Investing in people of South Asia for prosperity and quality of life

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A little girl in Balochistan, Pakistan, who now receives a quality education thanks to World Bank support. Credit: World Bank 

Human capital – the potential of individuals – is going to be the most important long-term investment any country can make for its people’s future prosperity and quality of life. 

Just look around the world: Technology is reshaping every industry and setting new demands for skills in every profession. The frontier for skills is moving faster than ever before .

To meet that challenge and be able to compete in the global economy, countries need to prepare their workforces now for the tremendous challenges and opportunities driven by technological change.  

To that end, the World Bank will launch next week its highly anticipated Human Capital Index to measure countries’ contribution of health and education to the productivity of the next generation of their workers .

The Index will be released on October 11 at the Bank’s Annual Meetings in Bali as part of the Human Capital Project, a global effort led by the Bank to accelerate investments in people for greater equity and economic growth.

No doubt, any country ranking gets high visibility and, sometimes, meets controversy. But I hope it triggers a dialogue about policies to promote investments in people.

To be clear, the important purpose of the Human Capital Index is to measure the distance of each country to the highest standard of complete education and full health —or the “frontier”.

The index, irrespective of whether it is high or low, is not an indication of a country’s current policies or initiatives, but rather reflects where it has emerged over years and decades.

Put simply, the index measures what the productivity of a generation is, compared to what it could be, if they had benefitted from complete education and good health. 

The index ranges from 0 to 1 and takes the highest value of 1 only if a child born today can expect to achieve full health (defined as no stunting and survival up to at least age 60) and complete her education potential (defined as 14 years of high-quality school by age 18).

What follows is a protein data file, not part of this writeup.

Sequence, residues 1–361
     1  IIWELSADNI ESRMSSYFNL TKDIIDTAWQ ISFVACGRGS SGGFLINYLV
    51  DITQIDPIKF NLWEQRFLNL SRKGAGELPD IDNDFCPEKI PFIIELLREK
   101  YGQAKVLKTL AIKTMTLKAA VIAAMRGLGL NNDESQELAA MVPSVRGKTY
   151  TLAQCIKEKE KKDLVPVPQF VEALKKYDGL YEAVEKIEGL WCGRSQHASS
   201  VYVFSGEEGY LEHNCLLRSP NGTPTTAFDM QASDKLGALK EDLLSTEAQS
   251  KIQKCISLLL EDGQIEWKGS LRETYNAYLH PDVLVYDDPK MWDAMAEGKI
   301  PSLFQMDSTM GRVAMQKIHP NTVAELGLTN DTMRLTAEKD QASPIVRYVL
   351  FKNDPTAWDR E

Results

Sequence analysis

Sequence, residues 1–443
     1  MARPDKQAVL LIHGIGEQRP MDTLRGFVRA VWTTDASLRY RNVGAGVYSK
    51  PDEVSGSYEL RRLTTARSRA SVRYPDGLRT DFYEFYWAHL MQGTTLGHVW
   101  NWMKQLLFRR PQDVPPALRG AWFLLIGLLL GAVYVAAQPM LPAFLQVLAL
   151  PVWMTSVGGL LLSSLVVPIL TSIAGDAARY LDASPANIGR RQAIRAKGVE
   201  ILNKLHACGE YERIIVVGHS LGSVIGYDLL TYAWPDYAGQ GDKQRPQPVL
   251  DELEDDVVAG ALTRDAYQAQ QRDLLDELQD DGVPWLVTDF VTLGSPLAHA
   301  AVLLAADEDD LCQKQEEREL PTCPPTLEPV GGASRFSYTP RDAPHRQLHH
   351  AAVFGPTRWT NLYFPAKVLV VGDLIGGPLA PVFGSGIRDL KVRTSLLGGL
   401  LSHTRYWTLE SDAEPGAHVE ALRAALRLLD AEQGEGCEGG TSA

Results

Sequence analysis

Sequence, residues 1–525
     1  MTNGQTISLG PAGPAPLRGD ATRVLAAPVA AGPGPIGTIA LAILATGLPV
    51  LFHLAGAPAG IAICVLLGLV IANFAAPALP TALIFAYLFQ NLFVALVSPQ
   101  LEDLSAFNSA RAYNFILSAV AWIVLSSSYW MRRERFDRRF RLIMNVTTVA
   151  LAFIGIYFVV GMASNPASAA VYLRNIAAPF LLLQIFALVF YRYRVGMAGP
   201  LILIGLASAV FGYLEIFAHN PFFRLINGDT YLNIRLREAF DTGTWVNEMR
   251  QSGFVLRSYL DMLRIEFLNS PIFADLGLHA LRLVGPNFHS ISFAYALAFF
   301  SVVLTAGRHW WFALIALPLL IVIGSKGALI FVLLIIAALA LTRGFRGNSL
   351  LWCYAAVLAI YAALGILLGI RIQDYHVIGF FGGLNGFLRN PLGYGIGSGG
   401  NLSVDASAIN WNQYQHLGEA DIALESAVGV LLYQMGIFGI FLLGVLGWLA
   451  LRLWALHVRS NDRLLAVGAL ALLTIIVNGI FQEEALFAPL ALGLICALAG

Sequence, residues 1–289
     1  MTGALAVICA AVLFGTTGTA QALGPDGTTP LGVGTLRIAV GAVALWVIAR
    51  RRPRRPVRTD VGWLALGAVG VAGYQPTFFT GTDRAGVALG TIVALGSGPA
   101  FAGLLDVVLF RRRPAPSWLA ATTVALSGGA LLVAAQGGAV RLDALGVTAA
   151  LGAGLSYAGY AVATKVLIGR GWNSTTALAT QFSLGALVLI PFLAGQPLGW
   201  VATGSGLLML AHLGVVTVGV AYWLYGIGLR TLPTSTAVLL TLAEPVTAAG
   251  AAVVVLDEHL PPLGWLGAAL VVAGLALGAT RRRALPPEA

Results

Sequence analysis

Girls in school in Afghanistan
Girls in school in Afghanistan. Credit: World Bank
In South Asia, we’ve been working with Afghanistan, Bangladesh, Bhutan, India, Maldives, Nepal, Pakistan, and Sri Lanka to improve health, education, and social services for all people.

What’s great is that governments recognize the importance of investing in people, and we see some major achievements.

For example, post-secondary education enrollment in South Asia grew by 300 percent between 2000 and 2015, significantly more kids attend pre-primary schools and educational centers , and girls are catching up with boys when it comes to attending school. Under-five mortality rates declined three-fold between 1990 and 2015.

But the progress in building human capital is really hard to achieve.  It needs continuous political will and investment. Results take time and are much more difficult to accomplish than results in creating physical capital, such as roads, ports or bridges.

There are remaining stubborn challenges that require close attention and persistent action.

Stunting in South Asia remains the highest in the world, with 36 percent of children stunted.

Almost 13 million children of primary age are still out of school, and even when kids go to school the quality of learning falls behind – for example, many students are not able to read grade-relevant text in their own language.

So, when we release the Human Capital Index next week, many of the South Asia countries may find they have significant distance to the frontier.

We may say to some countries: “look, you are halfway to the frontier, the progress is good but there is a way to go”. To others: “you are three quarters away, so you are missing out on 75 percent of your future economic potential.”

We feel confident that the index is rigorous and substantial, and it will certainly generate rich debate both around the results and the methodology.

The first version of the index is based on what data is available today, and our goal is to be fully transparent about how it is derived and how it will evolve over the years. Our ultimate hope is to create much more demand for countries to invest in health and education.

“Our children are the rock on which our future will be built, our greatest asset as a nation,” said Nelson Mandela. We at the World Bank urge all governments in South Asia and across the world to prioritize investing in people from an early age, as this is crucial for everyone to thrive in the economy of the future.

Image  #InvestInPeople #HumanCapital



Hartwig Schafer

Former Vice President, South Asia Region, World Bank

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